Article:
Cosmetic acne was first reported by French dermatologists in the mid-forties. In 1970 Gerd Plewig and James Fulton examined over 700 men to find some of them with normal skin, much to their chagrin the majoriy had cosmetic acne. The knowledge that cosmetic ingredients can cause acne has been known for over 50 years.
Approximately 1/3 of women have persistent low-grade acne which is consistent with cosmetic induced acne. This usually appeared after the age of 20 and is consistent with the epidemic of cosmetic induced acne. And yet despite this they are sold products consistently that are aggravating their existing problem. The image above is a damning reminder that cosmetics do indeed cause acne.
In order for a cosmetic ingredient to be comedogenic it must be able to penetrate the follicle, and once in the follicle, the chemical mujst produce the follicular reaction of “retention hyperkeratosis”. This means the cosmetic ingredient creates irritation inside the pore which results in an excess of skin cells being produced. This subsequently clogs the follicle up and as a result oil builds up with no way of escape resulting eventually in either a blackhead or a pimple forming.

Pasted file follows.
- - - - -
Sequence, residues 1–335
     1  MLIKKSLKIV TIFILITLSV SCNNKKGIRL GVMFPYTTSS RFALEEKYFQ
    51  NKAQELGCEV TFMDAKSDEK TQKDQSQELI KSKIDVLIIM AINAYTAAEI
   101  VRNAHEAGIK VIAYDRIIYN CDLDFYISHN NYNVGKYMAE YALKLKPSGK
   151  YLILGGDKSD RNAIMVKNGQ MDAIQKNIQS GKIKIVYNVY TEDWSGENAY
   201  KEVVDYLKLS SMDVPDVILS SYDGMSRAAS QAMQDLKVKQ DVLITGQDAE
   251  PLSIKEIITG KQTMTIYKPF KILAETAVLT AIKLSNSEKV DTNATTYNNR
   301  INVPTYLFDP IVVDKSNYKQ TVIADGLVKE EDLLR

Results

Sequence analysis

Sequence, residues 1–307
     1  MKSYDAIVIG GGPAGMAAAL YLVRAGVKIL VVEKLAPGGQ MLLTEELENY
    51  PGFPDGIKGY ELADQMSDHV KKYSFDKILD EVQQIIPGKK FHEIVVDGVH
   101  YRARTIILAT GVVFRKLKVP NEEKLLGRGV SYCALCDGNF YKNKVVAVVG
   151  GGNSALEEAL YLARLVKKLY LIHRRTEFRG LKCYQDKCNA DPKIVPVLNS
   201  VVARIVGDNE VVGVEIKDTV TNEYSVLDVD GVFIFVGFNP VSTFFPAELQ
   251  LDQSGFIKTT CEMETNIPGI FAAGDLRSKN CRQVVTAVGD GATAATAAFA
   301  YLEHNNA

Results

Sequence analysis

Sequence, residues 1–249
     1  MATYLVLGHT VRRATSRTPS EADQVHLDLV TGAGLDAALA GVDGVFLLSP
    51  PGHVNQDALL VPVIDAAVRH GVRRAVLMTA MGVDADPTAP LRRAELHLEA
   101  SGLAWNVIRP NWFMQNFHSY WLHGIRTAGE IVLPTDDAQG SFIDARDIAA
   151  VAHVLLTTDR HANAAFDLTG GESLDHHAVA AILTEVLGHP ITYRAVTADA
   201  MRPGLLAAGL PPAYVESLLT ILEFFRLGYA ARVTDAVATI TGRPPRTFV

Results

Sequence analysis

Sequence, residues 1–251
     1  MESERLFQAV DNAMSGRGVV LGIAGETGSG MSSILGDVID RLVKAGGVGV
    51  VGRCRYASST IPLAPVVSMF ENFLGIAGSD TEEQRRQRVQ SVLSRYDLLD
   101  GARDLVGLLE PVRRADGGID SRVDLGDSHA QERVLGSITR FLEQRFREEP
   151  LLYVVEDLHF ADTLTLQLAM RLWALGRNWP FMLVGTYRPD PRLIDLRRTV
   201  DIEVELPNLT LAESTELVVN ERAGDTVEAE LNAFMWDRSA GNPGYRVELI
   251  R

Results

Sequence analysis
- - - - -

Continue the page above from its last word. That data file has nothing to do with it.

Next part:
The ability of a cosmetic ingredient to be comedogenic also has to do with the HLB value and the molecular weight of the ingredient. HLB stands for Hydrophylic/Lipophilic Balance and refers to how water soluble or oil soluble the cosmetic ingredient is.
A cosmetic ingredient has the strongest ability to be comedogenic if it is fairly soluble in both water and oil (HLB around 10-12) and a molecular weight between 200-300. Adding PEG’s (Polyethylene Glycols) reduces the comedogenicity of an ingredient.
Whilst cosmetic acne is a major problem for women, very few products offer safe non comedogenic skin care.
Plewig, G. Fulton, J and Kligman, A. “Pomade Acne” Arch Dermatology (101) pp. 580-584.